Well, I’ve got a fairly large stature now, but when I was younger, I was pretty skinny. And growing up in Detroit, of course, I had run-ins with bullies. So, when I was 12 years old, I discovered Jackie Chan. And I was like, “Oh, my god, somebody systemized fighting. That’s incredible.” I was instantly obsessed. I asked my mother how I could kick high and do the splits like the guys in the movies, and she said “You have to stretch every day”, so I started stretching religiously. I would also record Jackie Chan movies from TV and watch them over and over again trying to copy the movements. I think I might have broken the rewind button on our VCR doing it so much, haha. By 15, after my family had moved out of Detroit and into a suburb, I already had full front and side splits and had been doing this for years. My Korean best friend took me and another friend for a trial at a Taekwondo school he had just started at, and I was instantly hooked. I was finally doing real martial arts; and already being really flexible, and having a sense of kicking from emulating movies, I took to it immediately. Out of the three of us who started Taekwondo that day, I was the only one who actually stuck with it. Within two and a half years I earned my black belt, and less than a week later, I was a Michigan State Junior Olympic champion. It was the first time in my life I was ever really good at something. The discipline that Taekwondo instilled in me early on also took me from a C-minus student in school, to straight A’s. Eventually, I wanted to try to go to the Olympics, so I went to Korea for training, which brought me to Asia for the first time. I found out about all the other Korean martial arts and went on from wanting to master Taekwondo to wanting to understand everything within the world of martial arts and fighting: even weapons, hoplology, the nature of human conflict, and negotiation, everything. I wanted to be able to understand all of it holistically, which is one of the things that ended up keeping me in Asia.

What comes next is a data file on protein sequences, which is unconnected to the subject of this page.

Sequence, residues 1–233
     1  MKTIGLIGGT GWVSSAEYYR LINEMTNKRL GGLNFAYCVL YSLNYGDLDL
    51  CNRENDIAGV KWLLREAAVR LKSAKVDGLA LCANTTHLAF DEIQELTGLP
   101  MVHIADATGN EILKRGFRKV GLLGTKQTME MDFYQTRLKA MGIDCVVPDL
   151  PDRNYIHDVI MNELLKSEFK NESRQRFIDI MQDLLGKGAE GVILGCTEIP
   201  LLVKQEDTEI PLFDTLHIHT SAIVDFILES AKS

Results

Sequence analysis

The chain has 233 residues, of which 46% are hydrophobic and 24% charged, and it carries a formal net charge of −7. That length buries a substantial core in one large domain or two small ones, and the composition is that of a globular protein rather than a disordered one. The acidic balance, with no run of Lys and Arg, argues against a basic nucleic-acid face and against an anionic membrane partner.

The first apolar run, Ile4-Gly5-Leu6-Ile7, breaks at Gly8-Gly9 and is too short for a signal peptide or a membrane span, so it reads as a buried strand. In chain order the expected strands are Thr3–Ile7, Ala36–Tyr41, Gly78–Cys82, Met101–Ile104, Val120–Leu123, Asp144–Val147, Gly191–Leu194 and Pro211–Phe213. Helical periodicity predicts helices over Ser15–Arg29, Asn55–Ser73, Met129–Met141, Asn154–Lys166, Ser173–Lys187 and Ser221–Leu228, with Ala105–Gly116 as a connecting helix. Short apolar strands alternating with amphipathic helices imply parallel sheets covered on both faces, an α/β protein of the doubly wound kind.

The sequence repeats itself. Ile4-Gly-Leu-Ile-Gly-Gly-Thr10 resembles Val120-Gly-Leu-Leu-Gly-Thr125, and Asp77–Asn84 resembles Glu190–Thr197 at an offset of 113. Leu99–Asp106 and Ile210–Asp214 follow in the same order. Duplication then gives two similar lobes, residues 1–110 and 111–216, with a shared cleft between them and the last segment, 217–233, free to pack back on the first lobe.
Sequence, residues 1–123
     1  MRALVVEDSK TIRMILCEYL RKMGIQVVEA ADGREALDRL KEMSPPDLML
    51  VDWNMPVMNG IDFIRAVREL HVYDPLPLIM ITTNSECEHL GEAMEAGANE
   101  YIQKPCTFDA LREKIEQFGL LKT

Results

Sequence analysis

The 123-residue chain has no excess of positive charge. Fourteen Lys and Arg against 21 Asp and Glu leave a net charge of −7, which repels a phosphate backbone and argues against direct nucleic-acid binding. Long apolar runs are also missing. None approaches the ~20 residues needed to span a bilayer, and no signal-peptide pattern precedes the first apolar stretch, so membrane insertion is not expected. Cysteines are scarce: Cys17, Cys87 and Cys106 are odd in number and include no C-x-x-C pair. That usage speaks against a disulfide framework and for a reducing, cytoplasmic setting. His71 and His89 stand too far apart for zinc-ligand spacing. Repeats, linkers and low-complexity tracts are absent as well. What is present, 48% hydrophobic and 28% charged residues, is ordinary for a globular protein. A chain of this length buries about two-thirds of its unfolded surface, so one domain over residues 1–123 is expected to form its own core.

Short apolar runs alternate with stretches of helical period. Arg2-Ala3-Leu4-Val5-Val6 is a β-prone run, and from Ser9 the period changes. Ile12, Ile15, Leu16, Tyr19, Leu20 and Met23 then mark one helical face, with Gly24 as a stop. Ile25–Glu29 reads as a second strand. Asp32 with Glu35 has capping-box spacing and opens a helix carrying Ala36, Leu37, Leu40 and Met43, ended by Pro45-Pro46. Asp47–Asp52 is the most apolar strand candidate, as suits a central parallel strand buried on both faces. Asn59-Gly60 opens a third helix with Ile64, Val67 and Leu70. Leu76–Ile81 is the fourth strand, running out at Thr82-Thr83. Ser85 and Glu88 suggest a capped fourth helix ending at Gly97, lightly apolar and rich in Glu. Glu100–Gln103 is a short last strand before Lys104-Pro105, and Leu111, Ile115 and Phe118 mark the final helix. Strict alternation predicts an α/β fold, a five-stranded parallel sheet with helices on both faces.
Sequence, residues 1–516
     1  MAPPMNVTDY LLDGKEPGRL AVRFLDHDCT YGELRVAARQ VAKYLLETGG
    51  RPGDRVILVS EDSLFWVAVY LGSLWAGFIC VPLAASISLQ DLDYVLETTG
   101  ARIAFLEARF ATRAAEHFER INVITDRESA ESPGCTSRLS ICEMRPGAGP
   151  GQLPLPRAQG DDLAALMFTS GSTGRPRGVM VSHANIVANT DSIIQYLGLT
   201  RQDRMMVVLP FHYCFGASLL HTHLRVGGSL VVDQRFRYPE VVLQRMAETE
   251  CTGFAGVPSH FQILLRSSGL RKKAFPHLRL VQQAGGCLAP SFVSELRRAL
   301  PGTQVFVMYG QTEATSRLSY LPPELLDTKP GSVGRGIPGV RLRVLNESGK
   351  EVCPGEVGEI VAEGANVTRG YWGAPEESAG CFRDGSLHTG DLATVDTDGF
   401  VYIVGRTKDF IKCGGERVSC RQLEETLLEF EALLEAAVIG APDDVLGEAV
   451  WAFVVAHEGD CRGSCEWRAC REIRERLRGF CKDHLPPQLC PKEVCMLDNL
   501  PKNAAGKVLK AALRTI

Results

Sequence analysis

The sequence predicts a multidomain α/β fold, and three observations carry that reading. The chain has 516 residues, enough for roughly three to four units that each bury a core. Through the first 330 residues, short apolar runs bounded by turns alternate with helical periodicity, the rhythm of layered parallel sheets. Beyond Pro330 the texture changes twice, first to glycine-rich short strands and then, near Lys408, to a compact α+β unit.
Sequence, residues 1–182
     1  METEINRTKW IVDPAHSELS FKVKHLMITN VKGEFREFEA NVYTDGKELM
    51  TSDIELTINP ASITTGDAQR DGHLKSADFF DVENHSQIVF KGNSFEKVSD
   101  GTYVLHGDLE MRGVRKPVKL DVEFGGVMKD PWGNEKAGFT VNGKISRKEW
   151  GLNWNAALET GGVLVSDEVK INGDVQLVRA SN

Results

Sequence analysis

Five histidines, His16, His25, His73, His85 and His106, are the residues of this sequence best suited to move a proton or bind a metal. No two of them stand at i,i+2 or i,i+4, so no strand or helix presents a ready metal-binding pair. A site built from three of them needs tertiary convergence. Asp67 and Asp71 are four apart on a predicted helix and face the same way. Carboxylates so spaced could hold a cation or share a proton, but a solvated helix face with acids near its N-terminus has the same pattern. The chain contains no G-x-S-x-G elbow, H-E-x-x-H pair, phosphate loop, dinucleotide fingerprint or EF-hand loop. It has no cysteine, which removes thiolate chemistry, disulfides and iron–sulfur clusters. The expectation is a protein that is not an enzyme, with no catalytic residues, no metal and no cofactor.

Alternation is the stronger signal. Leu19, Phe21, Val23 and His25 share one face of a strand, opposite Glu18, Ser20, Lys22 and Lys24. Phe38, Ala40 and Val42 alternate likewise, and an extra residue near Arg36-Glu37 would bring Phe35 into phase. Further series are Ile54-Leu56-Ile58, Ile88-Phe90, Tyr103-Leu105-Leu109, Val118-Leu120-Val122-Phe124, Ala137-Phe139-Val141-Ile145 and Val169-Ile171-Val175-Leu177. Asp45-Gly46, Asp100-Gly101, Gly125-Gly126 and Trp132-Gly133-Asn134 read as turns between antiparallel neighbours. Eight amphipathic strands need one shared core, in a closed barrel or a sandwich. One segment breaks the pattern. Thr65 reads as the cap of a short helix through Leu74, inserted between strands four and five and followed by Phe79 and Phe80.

And how did you make that transition from Taekwondo champion to a stuntman?